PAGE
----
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Novel approaches of data-mining in experimental physics
Novel approaches of data-mining in experimental physics
Data mining concept
Data mining concept
Data mining methods
Data mining methods
Data mining peculiarities for experimental high energy physics (HEP)
Data mining peculiarities for experimental high energy physics (HEP)
2. Transition radiation detector (TRD)
2. Transition radiation detector (TRD)
Example 3: the OPERA experiment
Example 3: the OPERA experiment
the OPERA experiment: Search for neutrino oscillations (OPERA is
the OPERA experiment: Search for neutrino oscillations (OPERA is
The particular features of the data from these detectors are as
The particular features of the data from these detectors are as
Data mining in experimental HEP 1
Data mining in experimental HEP 1
Data mining in experimental HEP 2
Data mining in experimental HEP 2
Data mining in experimental HEP 3
Data mining in experimental HEP 3
Some retrospections
Some retrospections
NN application examples: 1. RICH detector
NN application examples: 1. RICH detector
NN for the RICH detector
NN for the RICH detector
NN application examples: 2. e- /
NN application examples: 2. e- /
NN application examples: 3. OPERA experiment
NN application examples: 3. OPERA experiment
Recurrent ANNs and applications
Recurrent ANNs and applications
Our innovations (I
Our innovations (I
Elastic neural networks
Elastic neural networks
Elastic neural networks applications
Elastic neural networks applications
Some retrospections
Some retrospections
M-estimate formalizm
M-estimate formalizm
How to choose the weight function w(
How to choose the weight function w(
Application examples: 1. Determination of the interaction vertex
Application examples: 1. Determination of the interaction vertex
Application examples: 2.TDC calibration problem (HERA-B)
Application examples: 2.TDC calibration problem (HERA-B)
Some retrospections
Some retrospections
Wavelets can be applied for extracting very special features of mixed
Wavelets can be applied for extracting very special features of mixed
PRO: - Using wavelets we overcome background estimation - Wavelets are
PRO: - Using wavelets we overcome background estimation - Wavelets are
NEW: Back to continuous wavelets
NEW: Back to continuous wavelets
Estimating peak parameters in G2 wavelet domain
Estimating peak parameters in G2 wavelet domain
Application results to CBM invariant mass spectra
Application results to CBM invariant mass spectra
NEW: Example with set of FOPI data
NEW: Example with set of FOPI data
Clustering in data mining
Clustering in data mining
Parallel programming
Parallel programming
Software quality assurance (SQA)
Software quality assurance (SQA)
Conclusion and outlook remarks
Conclusion and outlook remarks
Thanks for your attention
Thanks for your attention
SQA example for FAIR GSI
SQA example for FAIR GSI
11/5/2015
11/5/2015

Презентация: «Урок по тысяча 2 класс петерсон». Автор: Gena. Файл: «Урок по тысяча 2 класс петерсон.ppt». Размер zip-архива: 9642 КБ.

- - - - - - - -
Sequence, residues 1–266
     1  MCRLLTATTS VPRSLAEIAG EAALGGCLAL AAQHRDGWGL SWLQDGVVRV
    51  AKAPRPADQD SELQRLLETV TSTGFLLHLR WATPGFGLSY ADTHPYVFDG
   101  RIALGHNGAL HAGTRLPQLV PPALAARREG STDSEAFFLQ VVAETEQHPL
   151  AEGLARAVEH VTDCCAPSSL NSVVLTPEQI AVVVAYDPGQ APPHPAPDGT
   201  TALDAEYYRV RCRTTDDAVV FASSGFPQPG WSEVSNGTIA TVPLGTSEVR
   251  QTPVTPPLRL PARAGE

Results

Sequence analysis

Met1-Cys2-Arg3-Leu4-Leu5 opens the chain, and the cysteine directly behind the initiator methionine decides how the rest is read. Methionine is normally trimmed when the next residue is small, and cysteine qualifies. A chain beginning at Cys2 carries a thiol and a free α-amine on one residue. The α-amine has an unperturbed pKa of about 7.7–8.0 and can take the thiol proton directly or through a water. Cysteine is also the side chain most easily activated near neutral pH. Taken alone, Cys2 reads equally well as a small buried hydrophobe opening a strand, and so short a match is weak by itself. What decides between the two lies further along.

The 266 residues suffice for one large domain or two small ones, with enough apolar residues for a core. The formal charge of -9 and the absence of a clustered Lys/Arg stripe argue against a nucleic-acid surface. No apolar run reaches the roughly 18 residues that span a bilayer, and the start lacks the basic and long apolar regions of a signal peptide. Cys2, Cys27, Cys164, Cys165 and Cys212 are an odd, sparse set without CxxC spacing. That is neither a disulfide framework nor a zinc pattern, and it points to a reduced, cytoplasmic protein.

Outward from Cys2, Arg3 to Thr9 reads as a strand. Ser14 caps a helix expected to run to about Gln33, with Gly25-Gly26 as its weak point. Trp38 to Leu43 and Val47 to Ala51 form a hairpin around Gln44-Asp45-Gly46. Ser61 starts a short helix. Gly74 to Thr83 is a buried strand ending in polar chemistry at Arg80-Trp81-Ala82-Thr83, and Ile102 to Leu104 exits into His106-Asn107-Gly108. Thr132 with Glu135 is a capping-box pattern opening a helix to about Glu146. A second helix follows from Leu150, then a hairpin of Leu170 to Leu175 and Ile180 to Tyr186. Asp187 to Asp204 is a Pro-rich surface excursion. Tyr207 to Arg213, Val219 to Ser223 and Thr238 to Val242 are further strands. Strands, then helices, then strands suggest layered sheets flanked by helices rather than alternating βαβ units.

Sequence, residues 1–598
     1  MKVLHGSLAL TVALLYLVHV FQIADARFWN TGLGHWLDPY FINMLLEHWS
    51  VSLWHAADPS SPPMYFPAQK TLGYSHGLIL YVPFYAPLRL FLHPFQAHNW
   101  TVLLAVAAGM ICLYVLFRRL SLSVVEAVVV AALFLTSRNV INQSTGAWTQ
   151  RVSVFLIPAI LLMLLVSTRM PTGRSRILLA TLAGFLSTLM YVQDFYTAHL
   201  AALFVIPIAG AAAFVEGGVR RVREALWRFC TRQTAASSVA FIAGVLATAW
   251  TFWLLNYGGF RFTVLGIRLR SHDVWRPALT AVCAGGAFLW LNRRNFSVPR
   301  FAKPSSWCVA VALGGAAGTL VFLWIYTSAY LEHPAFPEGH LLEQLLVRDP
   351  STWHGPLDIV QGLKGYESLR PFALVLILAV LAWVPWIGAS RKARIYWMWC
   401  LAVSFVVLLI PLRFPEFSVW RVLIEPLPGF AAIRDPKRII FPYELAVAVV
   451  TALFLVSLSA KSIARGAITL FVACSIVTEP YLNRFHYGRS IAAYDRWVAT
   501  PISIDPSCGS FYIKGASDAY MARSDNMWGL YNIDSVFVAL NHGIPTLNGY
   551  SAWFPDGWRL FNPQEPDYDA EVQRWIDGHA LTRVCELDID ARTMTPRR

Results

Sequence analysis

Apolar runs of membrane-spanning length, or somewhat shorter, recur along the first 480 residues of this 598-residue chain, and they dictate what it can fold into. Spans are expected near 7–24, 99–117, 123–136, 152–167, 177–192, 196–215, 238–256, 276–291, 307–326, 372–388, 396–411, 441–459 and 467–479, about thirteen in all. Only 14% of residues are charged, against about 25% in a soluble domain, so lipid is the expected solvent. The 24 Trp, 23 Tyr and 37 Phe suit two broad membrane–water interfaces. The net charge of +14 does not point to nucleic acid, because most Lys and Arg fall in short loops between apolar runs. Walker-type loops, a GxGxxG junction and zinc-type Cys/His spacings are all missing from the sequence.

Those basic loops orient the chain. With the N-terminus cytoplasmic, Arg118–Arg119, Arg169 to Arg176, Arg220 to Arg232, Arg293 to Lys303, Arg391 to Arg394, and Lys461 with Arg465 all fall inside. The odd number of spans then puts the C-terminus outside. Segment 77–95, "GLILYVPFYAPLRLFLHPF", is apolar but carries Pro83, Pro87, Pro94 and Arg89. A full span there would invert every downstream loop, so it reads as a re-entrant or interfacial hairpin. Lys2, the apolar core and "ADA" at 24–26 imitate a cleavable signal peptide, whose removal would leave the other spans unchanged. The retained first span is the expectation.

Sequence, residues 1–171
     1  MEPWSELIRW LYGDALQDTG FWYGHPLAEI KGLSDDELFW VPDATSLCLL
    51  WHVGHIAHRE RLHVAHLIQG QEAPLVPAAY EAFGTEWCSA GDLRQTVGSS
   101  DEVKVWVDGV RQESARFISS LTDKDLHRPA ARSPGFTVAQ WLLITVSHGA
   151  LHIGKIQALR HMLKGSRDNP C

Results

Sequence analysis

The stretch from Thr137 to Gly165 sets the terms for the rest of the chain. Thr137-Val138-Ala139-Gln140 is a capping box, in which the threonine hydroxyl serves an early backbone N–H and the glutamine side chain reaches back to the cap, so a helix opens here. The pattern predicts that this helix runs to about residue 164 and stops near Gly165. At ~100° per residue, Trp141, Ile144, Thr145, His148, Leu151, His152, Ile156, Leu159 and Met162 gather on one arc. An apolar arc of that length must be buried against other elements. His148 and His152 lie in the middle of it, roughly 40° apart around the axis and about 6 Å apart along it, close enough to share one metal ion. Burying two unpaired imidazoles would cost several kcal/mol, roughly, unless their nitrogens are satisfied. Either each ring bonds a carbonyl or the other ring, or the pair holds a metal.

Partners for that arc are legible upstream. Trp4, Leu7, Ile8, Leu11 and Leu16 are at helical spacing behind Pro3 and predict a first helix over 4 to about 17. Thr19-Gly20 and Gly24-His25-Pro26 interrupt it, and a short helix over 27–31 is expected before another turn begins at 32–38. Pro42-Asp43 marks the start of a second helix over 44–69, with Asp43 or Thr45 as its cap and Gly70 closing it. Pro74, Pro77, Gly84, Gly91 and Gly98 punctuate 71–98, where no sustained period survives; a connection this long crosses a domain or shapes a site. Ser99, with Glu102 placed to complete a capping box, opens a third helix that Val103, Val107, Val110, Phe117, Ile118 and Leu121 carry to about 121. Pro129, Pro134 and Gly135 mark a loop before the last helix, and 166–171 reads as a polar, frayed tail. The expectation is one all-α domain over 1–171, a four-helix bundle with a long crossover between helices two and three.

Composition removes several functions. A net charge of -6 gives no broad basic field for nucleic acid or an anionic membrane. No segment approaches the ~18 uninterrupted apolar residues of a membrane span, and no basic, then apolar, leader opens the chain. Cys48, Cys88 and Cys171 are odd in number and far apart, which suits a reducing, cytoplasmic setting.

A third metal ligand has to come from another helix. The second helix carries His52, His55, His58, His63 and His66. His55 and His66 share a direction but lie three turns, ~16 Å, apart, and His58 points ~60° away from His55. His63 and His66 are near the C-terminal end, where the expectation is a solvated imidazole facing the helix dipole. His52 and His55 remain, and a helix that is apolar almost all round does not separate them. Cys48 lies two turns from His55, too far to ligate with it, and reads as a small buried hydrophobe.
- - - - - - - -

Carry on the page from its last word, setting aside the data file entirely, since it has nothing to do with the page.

Урок по тысяча 2 класс петерсон

содержание презентации «Урок по тысяча 2 класс петерсон.ppt»
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1 Novel approaches of data-mining in experimental physics

Novel approaches of data-mining in experimental physics

XXIV International Symposium on Nuclear Electronics & Computing Varna, 09-16 September, 2013.

G.A.Ososkov, Laboratory of Information Technologies Joint Intstitute for Nuclear Research, 141980 Dubna, Russia email: ososkov@jinr.ru http://www.jinr.ru/~ososkov

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2 Data mining concept

Data mining concept

Classical approaches for processing experimental data supposed to have a model describing a physical system and based on the advanced physical theory. Then observed data are used to verify the underlying models and to estimate its direct or indirect parameters. Now, when the experimental data stream is terabytes/sec, we come to the BIG DATA era, having often a lack of the corresponding theory, our data handling paradigm shifts from classical modeling and data analyses to developing models and the corresponding analyses directly from data. (Data-driven detector alignment as an example) The entire process of applying a computer-based methodology, including new techniques, for discovering knowledge from data is called data mining. Wikipedia: “-it is the analysis of large amounts of data about experimental results held on a computer in order to get information about them that is not immediately available or obvious.”

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3 Data mining methods

Data mining methods

It is the process of extracting patterns from large data sets by combining methods from statistics and artificial intelligence with database management. Data mining commonly involves four classes of tasks: Association rule learning – searches for relationships between variables. Clustering – is the task of discovering groups and structures in the data that are in some way or another "similar", without using known structures in the data. Classification – is the task of generalizing known structure to apply to new data. Regression – attempts to find a function which models the data with the least error Although Data Mining Methods (DMM) are oriented mostly on mining business and social science data, in recent years, data mining has been used widely in the areas of science and engineering, such as bioinformatics, genetics, medicine, education and electrical power engineering. So a great volume of DMM software is now exists as open-source and commercial. However one would not find experimental physics in DMM application domains. Therefore we are going to understand how DMM would look like, if data will be taken from high energy physics?